This stage describes customers’ first contact with your business- how people find you and take the first step toward becoming customers. It could be through organic search, social media, or ads.
It’s a crucial part of any strategy as it’s right at the top of the funnel and, therefore, a vital foundation from which you can gather data and use this to build a robust growth hacking strategy.
You should track metrics such as your number of website views, the number of people who interact with your content, or referrals from partnership programs.
The best channels on which to engage with prospects and monitor your metrics at this stage of the funnel include your website, blog, social media channels, search engine ads, and partnership marketing programs.
Once you have a pool of prospects, you need to get the most out of them. Viral content is one way to disseminate your brand message and an awareness of your products effectively.
Virality is measured through likes, comments, and shares and applies mainly to social media. Keeping track of these metrics can illuminate trends in content that goes viral and the platforms they go viral on. This will allow you to tailor your growth hacks to specific platforms and the type of content that their respective audiences respond to best.
The most effective channel for viral marketing is social media. Using social media platforms and video-sharing sites, you can share viral content relevant to your brand instantly across the world. With the interaction data social media provides, you’ll be able to measure metrics with ease.
Activation is the stage where visitors become users. It’s the first experience they have with your product or service.
It’s in this step they decide to try your product. This can be measured through several metrics, including trial customers, app installs, and newsletter sign-ups.
Channels you should consider using to achieve the highest conversions possible at this stage in the funnel and measure valuable metrics include your website, email marketing, and in-app reminders. Chatbots or a live chat on your site may also be helpful to guide visitors to try your products.
Understanding how your users take this step shows you how you can convert prospects into customers. You can then develop a growth hacking strategy to supercharge your customer activation.
Retention is the stage where customers see the value in your product or service and continue to invest in this. It’s where acquisition and activation turn into growth. This stage is crucial for business success.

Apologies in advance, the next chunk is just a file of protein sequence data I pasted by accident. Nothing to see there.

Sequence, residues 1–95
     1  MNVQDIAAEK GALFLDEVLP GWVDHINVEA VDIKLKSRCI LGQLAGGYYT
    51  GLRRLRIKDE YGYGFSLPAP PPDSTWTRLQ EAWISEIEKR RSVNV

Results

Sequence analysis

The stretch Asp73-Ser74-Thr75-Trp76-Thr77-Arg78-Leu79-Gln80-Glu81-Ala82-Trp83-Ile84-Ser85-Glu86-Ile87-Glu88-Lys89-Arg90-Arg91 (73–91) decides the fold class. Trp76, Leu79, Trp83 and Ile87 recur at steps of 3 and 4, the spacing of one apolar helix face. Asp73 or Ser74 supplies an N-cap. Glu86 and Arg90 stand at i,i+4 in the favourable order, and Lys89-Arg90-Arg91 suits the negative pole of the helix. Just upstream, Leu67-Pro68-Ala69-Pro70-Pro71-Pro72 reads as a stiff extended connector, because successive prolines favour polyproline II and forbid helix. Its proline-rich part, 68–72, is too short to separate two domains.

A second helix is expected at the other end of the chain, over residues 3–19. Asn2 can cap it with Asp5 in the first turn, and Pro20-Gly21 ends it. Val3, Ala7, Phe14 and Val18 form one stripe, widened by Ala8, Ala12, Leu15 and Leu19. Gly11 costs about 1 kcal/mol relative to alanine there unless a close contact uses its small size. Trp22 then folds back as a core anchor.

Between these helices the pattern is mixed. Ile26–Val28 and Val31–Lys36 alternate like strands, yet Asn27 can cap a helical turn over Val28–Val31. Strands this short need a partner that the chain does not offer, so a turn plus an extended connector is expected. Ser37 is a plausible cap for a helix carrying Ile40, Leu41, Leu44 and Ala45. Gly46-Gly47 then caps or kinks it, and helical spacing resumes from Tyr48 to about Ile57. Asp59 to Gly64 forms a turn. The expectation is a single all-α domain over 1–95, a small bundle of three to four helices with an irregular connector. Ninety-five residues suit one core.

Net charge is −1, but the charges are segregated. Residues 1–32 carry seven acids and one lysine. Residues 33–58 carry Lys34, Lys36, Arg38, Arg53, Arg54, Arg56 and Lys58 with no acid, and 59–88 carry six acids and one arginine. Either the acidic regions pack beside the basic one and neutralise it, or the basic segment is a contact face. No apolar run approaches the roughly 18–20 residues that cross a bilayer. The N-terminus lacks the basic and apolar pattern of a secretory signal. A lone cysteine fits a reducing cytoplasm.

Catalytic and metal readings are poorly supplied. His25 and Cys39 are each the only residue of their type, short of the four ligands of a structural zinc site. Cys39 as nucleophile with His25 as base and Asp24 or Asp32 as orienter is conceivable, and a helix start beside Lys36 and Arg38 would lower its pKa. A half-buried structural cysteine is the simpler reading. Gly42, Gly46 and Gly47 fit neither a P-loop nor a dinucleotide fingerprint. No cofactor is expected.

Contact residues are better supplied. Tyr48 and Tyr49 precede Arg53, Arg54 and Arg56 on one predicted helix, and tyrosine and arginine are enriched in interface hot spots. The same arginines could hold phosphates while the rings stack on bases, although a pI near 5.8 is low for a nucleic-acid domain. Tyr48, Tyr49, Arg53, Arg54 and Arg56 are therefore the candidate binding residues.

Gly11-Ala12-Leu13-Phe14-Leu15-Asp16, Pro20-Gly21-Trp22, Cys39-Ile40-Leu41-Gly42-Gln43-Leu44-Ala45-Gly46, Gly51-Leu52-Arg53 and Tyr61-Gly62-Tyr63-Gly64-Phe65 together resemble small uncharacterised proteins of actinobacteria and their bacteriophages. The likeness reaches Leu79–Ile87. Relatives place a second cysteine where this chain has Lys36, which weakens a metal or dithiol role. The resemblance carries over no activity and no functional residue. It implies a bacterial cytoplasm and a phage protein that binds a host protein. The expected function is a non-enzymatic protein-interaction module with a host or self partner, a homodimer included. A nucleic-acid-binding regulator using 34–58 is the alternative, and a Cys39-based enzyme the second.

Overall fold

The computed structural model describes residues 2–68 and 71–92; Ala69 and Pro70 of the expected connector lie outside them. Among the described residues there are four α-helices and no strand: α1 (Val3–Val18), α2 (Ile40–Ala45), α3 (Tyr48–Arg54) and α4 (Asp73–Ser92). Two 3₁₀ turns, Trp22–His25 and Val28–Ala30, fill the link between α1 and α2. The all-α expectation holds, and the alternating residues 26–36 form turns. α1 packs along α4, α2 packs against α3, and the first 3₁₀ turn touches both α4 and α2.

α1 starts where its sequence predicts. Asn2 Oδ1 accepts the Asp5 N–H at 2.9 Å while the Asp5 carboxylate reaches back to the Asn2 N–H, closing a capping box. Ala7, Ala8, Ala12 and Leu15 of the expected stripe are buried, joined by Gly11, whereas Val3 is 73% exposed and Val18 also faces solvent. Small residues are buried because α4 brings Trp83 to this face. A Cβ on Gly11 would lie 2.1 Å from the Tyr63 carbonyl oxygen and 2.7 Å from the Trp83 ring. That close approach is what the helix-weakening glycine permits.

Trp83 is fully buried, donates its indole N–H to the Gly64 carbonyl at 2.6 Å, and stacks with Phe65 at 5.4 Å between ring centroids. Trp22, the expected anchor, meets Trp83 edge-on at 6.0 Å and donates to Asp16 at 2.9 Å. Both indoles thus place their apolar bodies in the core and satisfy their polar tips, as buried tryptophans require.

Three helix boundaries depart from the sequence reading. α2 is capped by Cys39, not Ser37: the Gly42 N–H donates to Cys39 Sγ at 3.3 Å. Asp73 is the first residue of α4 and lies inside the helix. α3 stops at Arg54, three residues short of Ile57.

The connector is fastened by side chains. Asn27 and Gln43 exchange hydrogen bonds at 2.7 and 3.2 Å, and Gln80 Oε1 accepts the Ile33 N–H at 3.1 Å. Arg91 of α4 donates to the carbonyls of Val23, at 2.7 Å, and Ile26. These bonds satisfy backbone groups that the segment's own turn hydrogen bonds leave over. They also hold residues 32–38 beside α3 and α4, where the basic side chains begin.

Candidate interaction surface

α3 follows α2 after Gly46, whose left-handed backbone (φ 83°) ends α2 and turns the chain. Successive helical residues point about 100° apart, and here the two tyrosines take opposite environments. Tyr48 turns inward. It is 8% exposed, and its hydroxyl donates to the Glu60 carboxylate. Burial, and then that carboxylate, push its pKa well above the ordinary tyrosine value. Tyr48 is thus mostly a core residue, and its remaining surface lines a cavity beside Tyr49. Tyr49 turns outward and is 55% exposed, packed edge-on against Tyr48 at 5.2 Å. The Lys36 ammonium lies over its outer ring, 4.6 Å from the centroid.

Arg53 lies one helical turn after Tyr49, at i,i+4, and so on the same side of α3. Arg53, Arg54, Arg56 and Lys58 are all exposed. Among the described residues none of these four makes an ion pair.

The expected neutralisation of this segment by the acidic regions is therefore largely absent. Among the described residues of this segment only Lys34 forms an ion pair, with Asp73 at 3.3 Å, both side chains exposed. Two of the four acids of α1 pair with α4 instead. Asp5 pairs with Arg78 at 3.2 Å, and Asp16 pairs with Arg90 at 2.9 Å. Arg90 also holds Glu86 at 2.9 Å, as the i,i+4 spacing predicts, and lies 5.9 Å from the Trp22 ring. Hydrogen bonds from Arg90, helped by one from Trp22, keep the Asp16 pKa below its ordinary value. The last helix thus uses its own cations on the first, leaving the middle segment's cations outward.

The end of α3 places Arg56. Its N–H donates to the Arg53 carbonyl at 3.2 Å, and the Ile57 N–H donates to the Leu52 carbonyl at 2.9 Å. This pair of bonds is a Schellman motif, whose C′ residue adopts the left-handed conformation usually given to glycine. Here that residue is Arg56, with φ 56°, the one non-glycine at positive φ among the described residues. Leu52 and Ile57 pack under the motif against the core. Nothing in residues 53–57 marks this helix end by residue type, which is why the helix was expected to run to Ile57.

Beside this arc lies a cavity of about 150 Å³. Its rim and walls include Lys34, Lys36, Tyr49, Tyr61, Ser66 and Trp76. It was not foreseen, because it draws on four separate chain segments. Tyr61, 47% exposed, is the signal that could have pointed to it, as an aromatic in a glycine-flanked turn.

You can measure this by looking at how long your customers use your products and your customer churn rate.
Channels that will be useful here include email remarketing and onboarding, apps, in-app feedback, live chat, over-the-phone customer support, and chatbots.
Without revenue, a business wouldn’t survive. This is the stage where your users finally decide to buy your product.
Measure this by looking at sales, but also where those sales are coming from. Is it referrals? Is it through discounts and offers?
The channels that will be effective here depend on your business model, but they will include: in-app purchases, your ecommerce site, online marketplaces, partnership sales, and online ads.
For example, you may find that customers are abandoning carts and not completing purchases. You might, therefore, look at implementing an email retargeting strategy to increase your conversion rate.
In the previous steps, we’ve found not only our bottleneck but the channels and metrics on which to focus. These metrics form a vital focal point for growth hackers. Every hacking task must contribute to the growth of this number.
If an experiment doesn’t work, then there’s no need to invest in that solution. If it does, then it can be explored further and implemented.
Come up with a list of experiment ideas for solutions. It could be anything. There are no wrong answers in this step.
Look for inspiration in case studies. Conduct interviews with customers and have brainstorming sessions with your creative teams. Even looking at companies from other industries or your competitors can provide possible answers to hack your growth.
Once you have a long, intimidating list of ideas, it’s time to whittle them down. This is where the bad and impossible ideas are eliminated.
Focus on the ones with the greatest chance of success, use the fewest resources, and take the least time to see results.
How long will the experiment last? Do you have the right tools? What staff do you need, and what skills are required? What metrics do you need to track? How will you know the experiment is successful?
Growth hackers need to manage their time efficiently. Plan your experiments thoroughly so that you can limit resource wastage.
Answer the vital questions to determine how you want to test your ideas and determine their success.
There’s nothing tricky about this step. Conduct the experiment you’ve planned. Work as a team and use organizational tools like a scrum board to complete them efficiently.